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Article 35A: Supreme Court’s Revelation – 3 Essential Rights Denied; Unveiling its Impact on Fundamental Rights

Article 35A:Constitution bench led by Chief Justice of India Dhananjaya Y Chandrachud delved into the essence of Article 35A during the proceedings related to the abrogation of Article 370 and the reorganization of Jammu & Kashmir into two Union territories

Chennai, 29 August (City Times): Article 35A has long been a subject of intense debate and discussion in India’s legal and political spheres. Enacted in 1954 as part of the Presidential Order, Article 35A granted special rights and privileges to the permanent residents of the former state of Jammu & Kashmir. However, its implications on the fundamental rights of Indian citizens have come under scrutiny, leading to a critical examination by the Supreme Court.

The Supreme Court’s Insights

In a landmark development, a Constitution bench led by Chief Justice of India Dhananjaya Y Chandrachud delved into the essence of Article 35A during the proceedings related to the abrogation of Article 370 and the reorganization of Jammu & Kashmir into two Union territories. The bench observed that while the 1954 Constitutional Order applied Part III of the Constitution, which encompasses fundamental rights, Article 35A was introduced concurrently. This parallel introduction led to the curtailment of several vital fundamental rights.

Denuding Fundamental Rights

Article 35A, in its application, had a profound impact on three key fundamental rights. The rights that were affected encompassed equality of opportunity in public jobs under Article 16(1), the acquisition of properties under Articles 19(1)(f) and 31, and the right to settle in any part of the country under Article 19(1)(e). The Constitution bench emphasized that these rights, essential for the overall development and freedom of individuals, were compromised due to Article 35A.

An Examination of the Exception

The Constitution bench, consisting of justices Sanjay Kishan Kaul, Sanjiv Khanna, Bhushan R Gavai, and Surya Kant, carefully scrutinized the distinct mechanism that Article 35A introduced. It created an exception that targeted specific fundamental rights, creating a disparity between permanent residents and other citizens of India. The bench underscored that the constitutional provisions aimed at safeguarding fundamental rights were not uniformly applicable due to the presence of Article 35A.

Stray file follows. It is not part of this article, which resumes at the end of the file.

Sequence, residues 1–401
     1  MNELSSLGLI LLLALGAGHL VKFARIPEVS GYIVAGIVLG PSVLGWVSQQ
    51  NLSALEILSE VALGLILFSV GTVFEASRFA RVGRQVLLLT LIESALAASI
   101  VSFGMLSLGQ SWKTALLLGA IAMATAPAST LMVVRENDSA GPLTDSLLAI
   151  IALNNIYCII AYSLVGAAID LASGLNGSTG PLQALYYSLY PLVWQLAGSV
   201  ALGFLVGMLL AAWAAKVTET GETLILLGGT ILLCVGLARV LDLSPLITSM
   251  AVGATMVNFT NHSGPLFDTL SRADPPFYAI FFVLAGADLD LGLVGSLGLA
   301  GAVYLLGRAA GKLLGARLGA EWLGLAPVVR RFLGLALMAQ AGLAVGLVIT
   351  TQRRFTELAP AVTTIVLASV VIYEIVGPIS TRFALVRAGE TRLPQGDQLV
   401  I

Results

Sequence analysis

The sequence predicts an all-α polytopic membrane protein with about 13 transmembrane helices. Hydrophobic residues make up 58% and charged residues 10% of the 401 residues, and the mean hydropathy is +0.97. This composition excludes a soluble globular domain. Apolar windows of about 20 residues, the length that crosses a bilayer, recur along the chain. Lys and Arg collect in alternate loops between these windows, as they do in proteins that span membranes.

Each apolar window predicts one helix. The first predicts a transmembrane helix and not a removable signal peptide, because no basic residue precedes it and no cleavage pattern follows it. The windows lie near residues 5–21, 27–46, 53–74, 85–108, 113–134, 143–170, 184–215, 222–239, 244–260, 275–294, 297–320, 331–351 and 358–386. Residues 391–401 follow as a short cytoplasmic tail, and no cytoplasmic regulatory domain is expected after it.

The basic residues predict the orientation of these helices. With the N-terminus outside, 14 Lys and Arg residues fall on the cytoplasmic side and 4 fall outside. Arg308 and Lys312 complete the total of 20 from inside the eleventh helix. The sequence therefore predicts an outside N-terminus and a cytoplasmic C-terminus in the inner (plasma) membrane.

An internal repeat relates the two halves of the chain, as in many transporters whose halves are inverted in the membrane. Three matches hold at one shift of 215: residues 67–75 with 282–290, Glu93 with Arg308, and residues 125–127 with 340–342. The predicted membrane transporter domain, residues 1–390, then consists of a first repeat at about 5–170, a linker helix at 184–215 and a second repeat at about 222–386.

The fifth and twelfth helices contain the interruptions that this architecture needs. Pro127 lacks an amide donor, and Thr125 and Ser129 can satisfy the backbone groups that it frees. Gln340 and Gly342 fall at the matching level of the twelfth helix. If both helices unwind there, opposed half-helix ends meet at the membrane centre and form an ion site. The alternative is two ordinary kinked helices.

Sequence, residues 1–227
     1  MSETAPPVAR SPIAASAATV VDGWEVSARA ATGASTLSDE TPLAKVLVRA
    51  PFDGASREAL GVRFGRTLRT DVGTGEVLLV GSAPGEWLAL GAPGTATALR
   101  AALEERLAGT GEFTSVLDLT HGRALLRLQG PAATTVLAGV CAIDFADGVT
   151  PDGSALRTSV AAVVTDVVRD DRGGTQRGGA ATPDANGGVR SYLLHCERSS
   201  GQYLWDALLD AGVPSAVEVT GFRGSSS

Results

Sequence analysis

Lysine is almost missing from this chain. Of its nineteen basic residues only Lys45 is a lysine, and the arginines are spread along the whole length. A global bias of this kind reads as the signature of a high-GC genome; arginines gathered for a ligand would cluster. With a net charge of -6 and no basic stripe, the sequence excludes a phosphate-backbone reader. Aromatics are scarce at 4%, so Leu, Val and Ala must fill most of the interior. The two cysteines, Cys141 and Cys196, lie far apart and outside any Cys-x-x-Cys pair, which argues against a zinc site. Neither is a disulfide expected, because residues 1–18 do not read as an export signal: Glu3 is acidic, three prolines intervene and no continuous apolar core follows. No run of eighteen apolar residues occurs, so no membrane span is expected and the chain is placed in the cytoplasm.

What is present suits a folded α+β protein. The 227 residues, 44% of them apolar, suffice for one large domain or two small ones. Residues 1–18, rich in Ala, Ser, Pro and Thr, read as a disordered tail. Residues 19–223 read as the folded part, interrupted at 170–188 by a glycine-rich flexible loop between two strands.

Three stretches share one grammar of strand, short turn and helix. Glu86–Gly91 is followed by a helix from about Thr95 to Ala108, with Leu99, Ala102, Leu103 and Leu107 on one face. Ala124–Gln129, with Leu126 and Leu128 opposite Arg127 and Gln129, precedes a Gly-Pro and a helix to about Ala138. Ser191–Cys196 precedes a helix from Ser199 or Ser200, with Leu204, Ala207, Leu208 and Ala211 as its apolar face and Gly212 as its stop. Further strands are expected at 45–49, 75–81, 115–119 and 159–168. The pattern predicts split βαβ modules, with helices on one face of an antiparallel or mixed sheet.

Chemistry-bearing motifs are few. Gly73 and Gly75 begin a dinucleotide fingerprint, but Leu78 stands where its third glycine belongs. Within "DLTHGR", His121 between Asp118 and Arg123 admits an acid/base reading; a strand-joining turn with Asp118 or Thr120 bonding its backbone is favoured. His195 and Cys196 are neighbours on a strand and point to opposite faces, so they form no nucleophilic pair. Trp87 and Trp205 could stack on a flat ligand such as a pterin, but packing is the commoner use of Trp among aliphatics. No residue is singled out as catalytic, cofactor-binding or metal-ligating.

Impact on Special Privileges

Article 35A bestowed special rights and privileges upon the residents of Jammu & Kashmir. This included empowering the state’s legislature to frame laws without inviting challenges related to violating equality rights or other provisions of the Indian Constitution. However, the Supreme Court’s observation underlines that this special privilege came at the cost of diluting the broader spectrum of fundamental rights guaranteed to all Indian citizens.

Context of Abrogation

The context of Article 35A’s abrogation cannot be ignored. In August 2019, Article 35A was nullified alongside Article 370, which granted special autonomous status to Jammu & Kashmir. This abrogation marked a significant shift in the legal landscape and brought to the forefront the potential implications of Article 35A on individual rights.

A Historical Perspective

The historical backdrop of Article 35A’s introduction is crucial to understanding its consequences. It was introduced during a period when concerns about demographic changes in Jammu & Kashmir were paramount. While the intention may have been to protect the unique identity of the region, the legal outcomes led to intricate questions about its compatibility with fundamental rights.

Legal Implications of the Stricken Rights

The Supreme Court’s examination of Article 35A’s impact on the three key rights raises critical questions about constitutional validity. The observations highlight the need to balance special privileges with the preservation of essential rights that uphold the principles of equality and freedom enshrined in the Indian Constitution.

The Power of Presidential Approval

The court also highlighted that Article 35A came into existence only after receiving the approval of the Central government. Solicitor General Tushar Mehta acknowledged that rectifying this “mistake” was a necessary step, emphasizing that the present government sought to address historical errors that impacted the development and rights of people in Jammu & Kashmir.

Challenges and Resilience

Senior counsel Kapil Sibal, representing National Conference leader Mohammad Akbar Lone, brought forth historical context by mentioning Jawaharlal Nehru’s concerns about outsiders buying properties in the region. However, the counter-argument emphasized that rectifying past mistakes is essential for the holistic development of the region.

Continuing Judicial Examination

The Constitution bench is actively engaged in comprehensively addressing the complex issues surrounding Article 35A and its consequences. The ongoing hearing reflects the commitment of the Indian judiciary to delve into significant constitutional matters that impact fundamental rights and legal frameworks.

Complexities of historical decisions:

The examination of Article 35A’s implications on fundamental rights underscores the delicate balance between special privileges and the constitutional rights that apply universally to all citizens. The Supreme Court’s observations bring to light the complexities of historical decisions and the enduring commitment to safeguarding individual rights. As the legal proceedings continue, they hold the potential to reshape the understanding of special provisions, fundamental rights, and their interplay within the constitutional framework.

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